Graffiti writers need to receive permits from their municipality and permission from neighbours to paint legally. “It’s pretty relaxed to paint graffiti in Joburg. There are many walls to paint and communities generally appreciate what we do,” says graffiti writer Rasty (@rastyknayles). “If you’re bombing (painting many surfaces in an area) and tagging at night or doing graffiti on a wall you don’t have permission for then you can expect the cops to stop you and possibly arrest you. Some have got away with a slap on the wrist and others have been charged with malicious damage to property. Only one artist I know of actually served time, but others have been served with a fine or community service.”
The fear of being caught is why graffiti writers remain anonymous by taking on an alias, which usually represents their personality. “I call myself Bias because it represents the dichotomy of the world in which I live. What I see as art, others see as an eyesore,” he says. “I feel the bias against graffiti as an art form needs to be broken down. I want to educate people about the possibilities graffiti can offer.”
Over the years, Jo has already witnessed changing perceptions: “We can see it by the amount of people requesting graffiti tours, films, documentaries and books,” she says. Aside from Past Experiences’ graffiti walking tours, you can also do a freehand graffiti workshop with Two by Two Art Gallery. “I recently travelled to Barcelona just to see graffiti and many people are doing the same. They plan their holidays to see and photograph graffiti and view work by their favourite artists.”
While the street-art scene remains male-dominated, more female street artists are emerging, such as Fin (@CosmicLuckyBag), who majored in printmaking at Wits University and was encouraged to try painting by her friend, classmate and fellow street artist Miss Propa. “It was due to a general lack of interest in the Joburg fine-arts scene at the time (2009),” she says. “It’s not that there wasn’t anything worthwhile happening, it’s that nothing struck me as interesting or personally challenging, after having recently graduated art school. I also found it hard to relate to the art world and what was being produced in the secure, detached, walled-up studios.”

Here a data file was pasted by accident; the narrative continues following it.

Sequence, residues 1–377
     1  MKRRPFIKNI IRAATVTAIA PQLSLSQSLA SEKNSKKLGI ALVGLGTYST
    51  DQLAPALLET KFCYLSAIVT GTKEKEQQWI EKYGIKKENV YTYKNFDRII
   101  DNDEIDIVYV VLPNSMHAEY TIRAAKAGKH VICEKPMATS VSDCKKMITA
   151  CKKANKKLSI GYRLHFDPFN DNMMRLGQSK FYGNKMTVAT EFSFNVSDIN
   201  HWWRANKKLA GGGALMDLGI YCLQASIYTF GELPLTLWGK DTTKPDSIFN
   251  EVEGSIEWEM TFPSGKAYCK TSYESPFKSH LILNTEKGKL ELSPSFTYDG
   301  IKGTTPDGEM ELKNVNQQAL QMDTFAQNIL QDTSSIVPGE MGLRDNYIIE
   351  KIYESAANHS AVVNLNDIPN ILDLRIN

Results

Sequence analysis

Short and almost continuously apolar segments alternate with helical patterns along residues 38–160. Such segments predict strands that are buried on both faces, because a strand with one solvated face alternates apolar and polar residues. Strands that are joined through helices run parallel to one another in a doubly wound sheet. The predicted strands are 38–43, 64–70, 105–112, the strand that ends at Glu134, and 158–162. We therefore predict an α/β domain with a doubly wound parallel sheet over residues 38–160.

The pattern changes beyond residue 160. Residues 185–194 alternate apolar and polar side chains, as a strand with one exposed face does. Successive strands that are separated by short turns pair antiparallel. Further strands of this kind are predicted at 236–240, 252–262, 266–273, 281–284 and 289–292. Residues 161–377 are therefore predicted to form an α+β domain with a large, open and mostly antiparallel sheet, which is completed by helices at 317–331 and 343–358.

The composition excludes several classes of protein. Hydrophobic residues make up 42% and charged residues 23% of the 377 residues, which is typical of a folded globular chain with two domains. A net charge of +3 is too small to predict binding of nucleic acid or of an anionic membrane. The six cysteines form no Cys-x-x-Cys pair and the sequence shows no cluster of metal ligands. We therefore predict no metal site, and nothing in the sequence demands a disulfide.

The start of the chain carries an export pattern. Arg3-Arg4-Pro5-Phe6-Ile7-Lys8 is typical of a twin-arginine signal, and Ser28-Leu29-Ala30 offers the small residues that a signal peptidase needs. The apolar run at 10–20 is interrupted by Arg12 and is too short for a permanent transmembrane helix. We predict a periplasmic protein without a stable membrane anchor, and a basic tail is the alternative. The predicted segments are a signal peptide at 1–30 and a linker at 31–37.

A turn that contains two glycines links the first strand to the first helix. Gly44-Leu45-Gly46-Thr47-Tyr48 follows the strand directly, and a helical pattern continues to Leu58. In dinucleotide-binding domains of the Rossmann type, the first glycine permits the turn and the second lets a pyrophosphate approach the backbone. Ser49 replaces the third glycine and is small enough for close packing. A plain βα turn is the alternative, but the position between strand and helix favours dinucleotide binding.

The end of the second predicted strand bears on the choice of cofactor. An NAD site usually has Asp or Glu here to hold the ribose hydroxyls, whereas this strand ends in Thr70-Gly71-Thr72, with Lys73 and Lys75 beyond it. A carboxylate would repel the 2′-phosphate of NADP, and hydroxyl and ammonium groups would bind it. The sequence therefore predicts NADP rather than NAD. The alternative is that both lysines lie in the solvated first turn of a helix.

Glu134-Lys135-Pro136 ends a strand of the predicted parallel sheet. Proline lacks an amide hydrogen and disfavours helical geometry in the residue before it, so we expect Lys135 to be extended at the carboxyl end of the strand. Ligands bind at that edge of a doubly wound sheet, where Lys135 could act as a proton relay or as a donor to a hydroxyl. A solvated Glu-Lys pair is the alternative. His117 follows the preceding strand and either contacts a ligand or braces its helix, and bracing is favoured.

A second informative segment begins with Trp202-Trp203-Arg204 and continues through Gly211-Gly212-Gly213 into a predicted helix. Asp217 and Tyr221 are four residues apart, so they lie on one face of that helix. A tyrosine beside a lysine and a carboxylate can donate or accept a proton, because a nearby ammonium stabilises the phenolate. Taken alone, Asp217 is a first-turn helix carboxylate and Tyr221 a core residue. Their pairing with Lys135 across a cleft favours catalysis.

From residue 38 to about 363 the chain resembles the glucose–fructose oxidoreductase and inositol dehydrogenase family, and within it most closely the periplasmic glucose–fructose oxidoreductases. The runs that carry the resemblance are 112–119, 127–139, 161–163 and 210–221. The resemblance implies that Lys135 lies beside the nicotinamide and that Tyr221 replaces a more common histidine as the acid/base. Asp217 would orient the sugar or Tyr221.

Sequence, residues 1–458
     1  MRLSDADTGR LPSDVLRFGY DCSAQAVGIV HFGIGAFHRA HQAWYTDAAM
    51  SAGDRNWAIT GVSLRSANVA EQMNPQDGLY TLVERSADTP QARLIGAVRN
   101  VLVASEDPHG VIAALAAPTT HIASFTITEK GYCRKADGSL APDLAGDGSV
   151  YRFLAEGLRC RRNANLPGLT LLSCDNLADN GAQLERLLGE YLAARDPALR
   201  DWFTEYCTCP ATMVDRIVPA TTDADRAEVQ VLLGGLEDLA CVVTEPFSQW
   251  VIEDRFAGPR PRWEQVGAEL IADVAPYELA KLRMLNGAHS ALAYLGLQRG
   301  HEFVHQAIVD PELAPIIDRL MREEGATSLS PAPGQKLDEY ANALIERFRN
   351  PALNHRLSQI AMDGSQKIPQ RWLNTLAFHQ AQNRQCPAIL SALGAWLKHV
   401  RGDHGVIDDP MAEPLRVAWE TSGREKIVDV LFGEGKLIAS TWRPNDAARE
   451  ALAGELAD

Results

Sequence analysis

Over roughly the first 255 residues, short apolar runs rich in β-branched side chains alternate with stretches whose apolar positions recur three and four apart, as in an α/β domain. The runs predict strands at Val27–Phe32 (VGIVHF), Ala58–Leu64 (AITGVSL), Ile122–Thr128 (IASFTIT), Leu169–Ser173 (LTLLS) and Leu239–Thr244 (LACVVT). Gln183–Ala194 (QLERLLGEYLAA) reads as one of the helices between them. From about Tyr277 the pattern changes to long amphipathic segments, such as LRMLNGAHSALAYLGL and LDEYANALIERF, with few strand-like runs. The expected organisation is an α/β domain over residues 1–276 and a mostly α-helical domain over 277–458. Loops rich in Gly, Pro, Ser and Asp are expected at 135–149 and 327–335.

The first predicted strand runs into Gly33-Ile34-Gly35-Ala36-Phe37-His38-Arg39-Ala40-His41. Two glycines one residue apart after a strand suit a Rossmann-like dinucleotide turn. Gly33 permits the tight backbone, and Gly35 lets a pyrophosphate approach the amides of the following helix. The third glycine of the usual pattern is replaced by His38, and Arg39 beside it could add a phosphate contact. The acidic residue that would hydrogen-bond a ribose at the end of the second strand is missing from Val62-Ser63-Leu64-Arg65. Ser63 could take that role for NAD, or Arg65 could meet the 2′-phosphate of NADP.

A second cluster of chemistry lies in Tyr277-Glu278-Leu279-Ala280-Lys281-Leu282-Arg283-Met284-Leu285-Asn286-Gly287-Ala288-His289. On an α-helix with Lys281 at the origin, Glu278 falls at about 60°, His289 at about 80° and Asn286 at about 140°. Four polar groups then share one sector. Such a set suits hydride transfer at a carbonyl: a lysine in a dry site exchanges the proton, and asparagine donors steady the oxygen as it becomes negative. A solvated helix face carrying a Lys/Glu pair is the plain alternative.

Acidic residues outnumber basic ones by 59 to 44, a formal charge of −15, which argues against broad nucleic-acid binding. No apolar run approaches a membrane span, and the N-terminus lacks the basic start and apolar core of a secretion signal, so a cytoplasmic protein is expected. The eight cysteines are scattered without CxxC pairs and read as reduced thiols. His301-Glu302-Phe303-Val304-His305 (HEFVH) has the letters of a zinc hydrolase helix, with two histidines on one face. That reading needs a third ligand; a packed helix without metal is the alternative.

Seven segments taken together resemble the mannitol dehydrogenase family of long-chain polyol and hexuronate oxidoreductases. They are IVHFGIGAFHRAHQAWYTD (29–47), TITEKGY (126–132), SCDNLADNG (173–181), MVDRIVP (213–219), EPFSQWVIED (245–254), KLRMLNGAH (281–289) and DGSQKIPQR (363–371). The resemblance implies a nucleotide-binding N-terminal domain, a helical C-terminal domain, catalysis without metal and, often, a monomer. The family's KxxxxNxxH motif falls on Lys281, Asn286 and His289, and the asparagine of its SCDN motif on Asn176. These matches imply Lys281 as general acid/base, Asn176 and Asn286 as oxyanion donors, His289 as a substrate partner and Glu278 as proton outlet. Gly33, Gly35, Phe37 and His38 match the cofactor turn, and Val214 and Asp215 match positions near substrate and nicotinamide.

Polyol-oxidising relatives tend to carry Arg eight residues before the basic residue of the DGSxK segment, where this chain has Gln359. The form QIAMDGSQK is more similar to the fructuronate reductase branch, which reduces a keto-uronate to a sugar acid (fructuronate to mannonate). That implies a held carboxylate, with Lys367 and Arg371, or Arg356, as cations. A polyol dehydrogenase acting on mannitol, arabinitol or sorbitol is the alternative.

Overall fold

Rasty and his Pressure Control Project (PCP) crew – Curio and Angel – recognised this need and established the Grayscale Store and Gallery in Braamfontein. “It provides a platform for street artists who have spent years mastering their craft but – because of the nature of their work – cannot get their work into mainstream art galleries,” he says. It also shows visitors the uplifting aspects of street art.
PCP also founded the annual City of Gold Urban Art Festival. They invite international graffiti writers to collaborate with local artists and promote Joburg as a street-art destination. Local graffiti writers, along with Jo, volunteer their artistic skill at nearby communities, the Viva Foundation Township Art Project and Soweto orphanages. “Graffiti is fantastic because it’s art in a public space for anyone to experience and interact with,” Jo says. “Many inner-city children and adults have no experience with art at school, but graffiti is all over.”
Jo points to a section opposite Price’s Candles Factory, comparing it to a street-artist’s guestbook. It’s a bright hodgepodge covered in tags, painted characters and wheat-paste posters, layer upon layer of past (and present) experiences. Who knows, perhaps after one of Past Experiences’ graffiti workshops, you might find my tag here soon, too.
Want to go on a graffiti walking tour through Johannesburg with Past Experiences?
Call: +27(011) 678-3905